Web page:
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Mimi Smoak: A Lowcountry Renaissance girl

By Ford Walpole

When Mimi Smoak was in elementary school, she insisted on wearing smocked dresses and bows in her hair. Despite such an appearance, she has always lived a life immune to stereotypes. “Mimi is definitely out of the box, for sure! Just when you think you’ve got her pegged, she’ll throw you a curveball; she’s done that to me her whole life!” her mother Kelly laughs.

Boys in her fourth-grade class shared stories of their first deer, so when Mimi accomplished the rite of passage that same fall, she was eager to relay her hunting tale to her class. Her principal was also a sportsman, but he had only ever seen this student when she was all decked out with a hair bow and wearing a dress. Thus, he was in disbelief to discover that this little blonde-haired girl had joined the ranks of South Carolina big-game hunters.

In fact, Mimi began deer hunting with Sam, her father, when she was only four years old. Sam recalls: “She went hunting with me for a few years before she started carrying a gun. Mimi had a camouflage bookbag, and in it, she carried crayons, colored pens, pencils and sketch pads. She was always coloring and drawing pictures. My mother was an artist, and she always encouraged Mimi to draw and paint.”

Between Sam’s detailed sporting journal and a vivid memory of a special milestone, he relays the story of Mimi’s first kill at Hicks Bottom, the family place on Yonges Island. “It was October 16, 2016. We were sitting together at the First Hill stand. The sun was going down, so it was getting dark, but you could still see. She had to go to the bathroom really badly, but I kept asking her if she could wait just a little bit longer. Finally, she said she couldn’t wait, so she put on her backpack and was getting ready to get out of the stand.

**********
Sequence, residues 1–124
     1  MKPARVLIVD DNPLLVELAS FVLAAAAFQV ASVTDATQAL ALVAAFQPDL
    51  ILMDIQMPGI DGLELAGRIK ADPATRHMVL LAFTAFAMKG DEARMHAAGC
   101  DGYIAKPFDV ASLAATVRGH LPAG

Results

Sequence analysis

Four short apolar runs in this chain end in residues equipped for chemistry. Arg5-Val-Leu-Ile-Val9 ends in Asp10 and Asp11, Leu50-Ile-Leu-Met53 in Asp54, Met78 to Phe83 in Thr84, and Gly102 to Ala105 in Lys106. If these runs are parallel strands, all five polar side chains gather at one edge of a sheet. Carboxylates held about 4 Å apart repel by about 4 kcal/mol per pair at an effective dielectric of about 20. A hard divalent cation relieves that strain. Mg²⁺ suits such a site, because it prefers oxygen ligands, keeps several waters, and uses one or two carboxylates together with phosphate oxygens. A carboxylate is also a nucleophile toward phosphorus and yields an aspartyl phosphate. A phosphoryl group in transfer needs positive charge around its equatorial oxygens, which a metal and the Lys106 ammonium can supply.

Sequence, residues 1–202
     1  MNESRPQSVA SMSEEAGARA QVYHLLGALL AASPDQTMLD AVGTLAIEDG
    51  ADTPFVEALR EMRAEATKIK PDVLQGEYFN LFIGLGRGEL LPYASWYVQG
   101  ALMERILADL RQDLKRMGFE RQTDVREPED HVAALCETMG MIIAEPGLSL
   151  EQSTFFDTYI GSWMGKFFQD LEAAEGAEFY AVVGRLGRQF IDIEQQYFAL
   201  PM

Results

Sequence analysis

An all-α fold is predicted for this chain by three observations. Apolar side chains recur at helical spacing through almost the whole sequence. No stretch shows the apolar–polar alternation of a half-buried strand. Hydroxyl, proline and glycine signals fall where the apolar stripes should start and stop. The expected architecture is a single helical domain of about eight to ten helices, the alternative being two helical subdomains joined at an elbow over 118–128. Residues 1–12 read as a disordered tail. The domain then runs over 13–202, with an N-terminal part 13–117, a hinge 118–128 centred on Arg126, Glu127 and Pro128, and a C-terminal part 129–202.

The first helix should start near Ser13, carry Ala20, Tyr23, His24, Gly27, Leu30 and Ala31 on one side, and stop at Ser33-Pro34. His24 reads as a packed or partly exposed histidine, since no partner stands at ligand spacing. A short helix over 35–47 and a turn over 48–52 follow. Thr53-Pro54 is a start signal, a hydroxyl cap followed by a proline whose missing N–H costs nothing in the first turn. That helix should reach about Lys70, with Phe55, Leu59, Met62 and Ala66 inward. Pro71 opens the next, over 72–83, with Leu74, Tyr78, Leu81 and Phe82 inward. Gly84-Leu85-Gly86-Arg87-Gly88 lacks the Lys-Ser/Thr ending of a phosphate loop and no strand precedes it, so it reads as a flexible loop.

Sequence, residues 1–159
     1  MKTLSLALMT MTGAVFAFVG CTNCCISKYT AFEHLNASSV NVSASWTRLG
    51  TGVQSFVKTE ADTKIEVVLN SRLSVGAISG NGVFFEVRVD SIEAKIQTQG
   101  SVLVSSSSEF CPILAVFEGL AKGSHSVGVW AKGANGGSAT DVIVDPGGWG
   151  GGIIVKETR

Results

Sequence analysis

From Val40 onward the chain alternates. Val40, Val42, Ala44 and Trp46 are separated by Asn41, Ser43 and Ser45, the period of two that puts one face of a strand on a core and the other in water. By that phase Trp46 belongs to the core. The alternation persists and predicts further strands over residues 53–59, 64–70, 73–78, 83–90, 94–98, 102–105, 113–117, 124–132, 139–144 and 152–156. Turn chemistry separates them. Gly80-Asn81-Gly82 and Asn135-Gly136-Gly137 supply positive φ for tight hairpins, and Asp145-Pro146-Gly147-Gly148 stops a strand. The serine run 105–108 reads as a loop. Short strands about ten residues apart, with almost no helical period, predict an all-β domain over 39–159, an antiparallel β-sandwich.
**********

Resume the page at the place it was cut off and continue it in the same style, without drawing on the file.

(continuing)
“Then, I saw the silhouette of a buck as it was coming up the hill out of the bottom. I grabbed Mimi by the backpack and put her in my lap because she couldn’t see over the railing. The buck was only about 20 yards away. She was moving the rifle around, and I could tell she couldn’t get the deer in the scope. So, I grabbed the butt of the stock to try and get it lined up for her. I could hear her take a deep breath; at that point, I knew she had the deer in her sights,” Sam continues.

“She squeezed off a shot, and the buck dropped. She shot it right behind the ear with the .22 Magnum. She had practiced shooting that gun — which does not kick at all, and she was very proficient with it. She jumped up and down and started hugging me. She was so excited! And I was, too! I wiped a little blood on her cheek, and Mr. Cordray got her again when we arrived at Cordray’s Processing. That first deer was a big, nice six-point buck; it weighed about 160 pounds,” Sam says.

To date, Mimi has harvested five deer. When she was in the sixth grade, she began hunting by herself. In those early days, her father followed her up to her stand and instructed her to wait until he came and got her and led her down the ladder.

Mimi experienced a recent successful hunt on the Sunday afternoon following Hurricane Ian. “We knew it would be a good day, since the storm had the deer moving,” she says. “We got in the stand early — at 4 p.m.” Alone, with her .243 rifle, she was hunting in the Tower Stand, a safe and sturdy, but intimidatingly high deer stand. “Around 6:15 p.m., the buck came out from behind me.” she says. “Usually, they come out from another direction. said to myself: ‘What am I going to do?’ I don’t have anywhere to rest the rifle!’

“Then, I didn’t see the buck anymore,” Mimi continues. “But I looked down, and it was right behind me, right beside the stand. Since I didn’t have a board to rest the rifle on, I shot it freehand. I was shaking a lot, but I hit the deer right below the shoulder. I saw it fall right beside the bushes, and it ran a few feet into the woods. When Dad got there, he made me drag the buck by myself, but I didn’t mind; I kind of wanted to, anyway!” Mimi laughs. “Towards the end, he helped me get it in the truck. My dad said the buck had probably lost some weight because of the rut, but it still had the biggest rack of any deer I have killed, so we had Cordray’s make a European mount,” she says.

Sam reflects on his daughter’s passion for outdoor sports: “Being the youngest, Mimi always wanted to keep up with her brothers, Preston and Cannon, and she was going to do whatever they did. She is just so competitive! After her brothers shot their first deer, she was determined to get one herself. And, she loves to go fishing — loves it!”